When I heard the Buddha’s life story I knew I was irrevocably Buddhist. Even though I had been taught Buddhism since I was a child, later, as a young girl, I had a memorable moment where everything stopped and I recognized that it was already done, there was only one direction that could unfold in my future. Upon hearing the Buddha’s life story it struck such cord in my heart, it felt complete and true. At that moment, I remembering acknowledging out loud that the study of Buddhist philosophy was absolutely the most exquisite pursuit in life.
The way the story was told to me at that time was very sober and down to earth. It didn’t have any supernatural elements. Quite the contrary it was a story of an ordinary person’s search for understanding. Even though the Buddha’s training included extreme austerities and rare altered states, ultimately the pinnacle of the Buddha’s quest for understanding was remembering a fresh state of simple presence. He achieved altered states, but then came up with the thought, “So what? What does really have to do with the human condition?!”
Now as an adult and a Buddhist teacher, I can see how the more mythic renderings of the life story can be used in a way that only mythological language can – to tease out insights that are beyond concepts and steeped with feeling. Such stories, such as the Tibetan Buddhist stories of the MahaSiddhas, when they are told in legendary tones, rich symbolism, full of mythic implications…they provoke a reaction. In that way, telling these legends serves as a method for raising awareness and eliciting the most important questions. That is the point of these stories. Such stories demand a response. They raise questions about ethics, purpose, crisis and human dilemmas, rather than just give answers, they raise questions. However despite my appreciation of the value of the more legendary tones of Buddhist life stories, whenever I think of the Buddha’s life story, and whenever I tell it in teachings, I try to stay faithful to that down to earth account which changed my life. That is a story of an ordinary person’s search for understanding. In a world full of exotic, fantastical spiritualities, religious extremes the Buddha discovered that the ultimate path was presence. In the face of the onslaught of all the mental and emotional turmoil and distractions which are possible, the Buddha remained in unwavering presence.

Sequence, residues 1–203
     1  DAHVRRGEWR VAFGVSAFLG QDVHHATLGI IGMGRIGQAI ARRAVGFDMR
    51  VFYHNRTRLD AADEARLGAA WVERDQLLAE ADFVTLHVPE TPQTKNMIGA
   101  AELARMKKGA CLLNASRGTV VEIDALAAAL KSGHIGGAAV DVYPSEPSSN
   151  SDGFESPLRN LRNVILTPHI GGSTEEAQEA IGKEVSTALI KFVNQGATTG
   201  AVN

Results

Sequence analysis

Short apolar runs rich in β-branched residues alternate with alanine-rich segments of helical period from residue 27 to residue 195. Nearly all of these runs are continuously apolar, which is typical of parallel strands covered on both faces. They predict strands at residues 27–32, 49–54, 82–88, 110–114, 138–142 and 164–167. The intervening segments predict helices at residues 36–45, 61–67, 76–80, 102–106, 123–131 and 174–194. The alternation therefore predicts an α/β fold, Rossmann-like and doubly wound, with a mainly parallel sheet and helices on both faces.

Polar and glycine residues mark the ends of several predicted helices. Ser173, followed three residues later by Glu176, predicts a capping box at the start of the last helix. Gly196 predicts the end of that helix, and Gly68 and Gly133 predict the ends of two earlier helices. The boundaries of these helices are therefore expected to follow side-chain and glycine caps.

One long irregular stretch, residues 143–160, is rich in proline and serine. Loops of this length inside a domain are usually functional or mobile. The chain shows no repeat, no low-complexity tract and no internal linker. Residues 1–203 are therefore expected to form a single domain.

For the holiday when we are all celebrating the power of religion, spirituality and nature, I wanted to share a little bit of this great memory with you! This youtube video series was made in conversation between myself and my students, so sit please feel free to sit back and enjoy the story of the Buddha. You can find the rest of the videos in the seven part series on his life by clicking here at Pema Khandro Video on Youtube.